Document Type

Book Chapter

Publication Date

2011

Abstract

In the context of animal cognitive research, “anthropomorphism” is defined as the attribution of uniquely human mental characteristics to non-human animals. Those who worry about anthropomorphism in research are confronted with the question of which properties are uniquely human. As animals, humans and non-human animals1 share a number of biological, morphological, relational, and spatial properties. In addition, it is widely accepted and humans and animals share some psychological properties such as the ability to fear or desire. These claims about the properties animals share with humans are often the products of empirical work.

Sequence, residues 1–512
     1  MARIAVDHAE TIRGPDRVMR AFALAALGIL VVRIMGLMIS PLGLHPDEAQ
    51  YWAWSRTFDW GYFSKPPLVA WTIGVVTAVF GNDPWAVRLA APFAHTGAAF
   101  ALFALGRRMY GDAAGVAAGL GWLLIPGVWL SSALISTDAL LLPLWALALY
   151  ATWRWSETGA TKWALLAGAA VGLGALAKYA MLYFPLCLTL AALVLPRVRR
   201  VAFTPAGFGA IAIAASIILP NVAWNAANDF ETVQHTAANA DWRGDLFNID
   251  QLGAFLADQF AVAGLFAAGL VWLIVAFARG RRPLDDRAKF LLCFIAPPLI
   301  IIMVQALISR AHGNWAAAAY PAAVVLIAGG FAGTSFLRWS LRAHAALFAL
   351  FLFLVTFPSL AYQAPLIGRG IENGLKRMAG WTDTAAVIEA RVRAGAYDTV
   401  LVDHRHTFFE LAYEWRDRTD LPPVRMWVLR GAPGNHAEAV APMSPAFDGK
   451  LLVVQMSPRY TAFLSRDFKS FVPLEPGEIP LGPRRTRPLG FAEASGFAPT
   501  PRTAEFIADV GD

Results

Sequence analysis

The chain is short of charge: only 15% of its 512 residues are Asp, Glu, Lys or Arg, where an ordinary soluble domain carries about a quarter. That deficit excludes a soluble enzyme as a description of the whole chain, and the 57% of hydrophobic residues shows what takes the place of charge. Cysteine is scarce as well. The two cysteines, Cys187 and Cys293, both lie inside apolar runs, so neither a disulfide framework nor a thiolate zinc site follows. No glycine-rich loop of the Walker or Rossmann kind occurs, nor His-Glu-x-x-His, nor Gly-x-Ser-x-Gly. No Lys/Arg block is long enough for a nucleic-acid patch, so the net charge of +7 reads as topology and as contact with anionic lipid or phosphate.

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This file contains a post-print version of the book chapter, which has the same content as the final edited version but is not formatted according to the layout of the published book.

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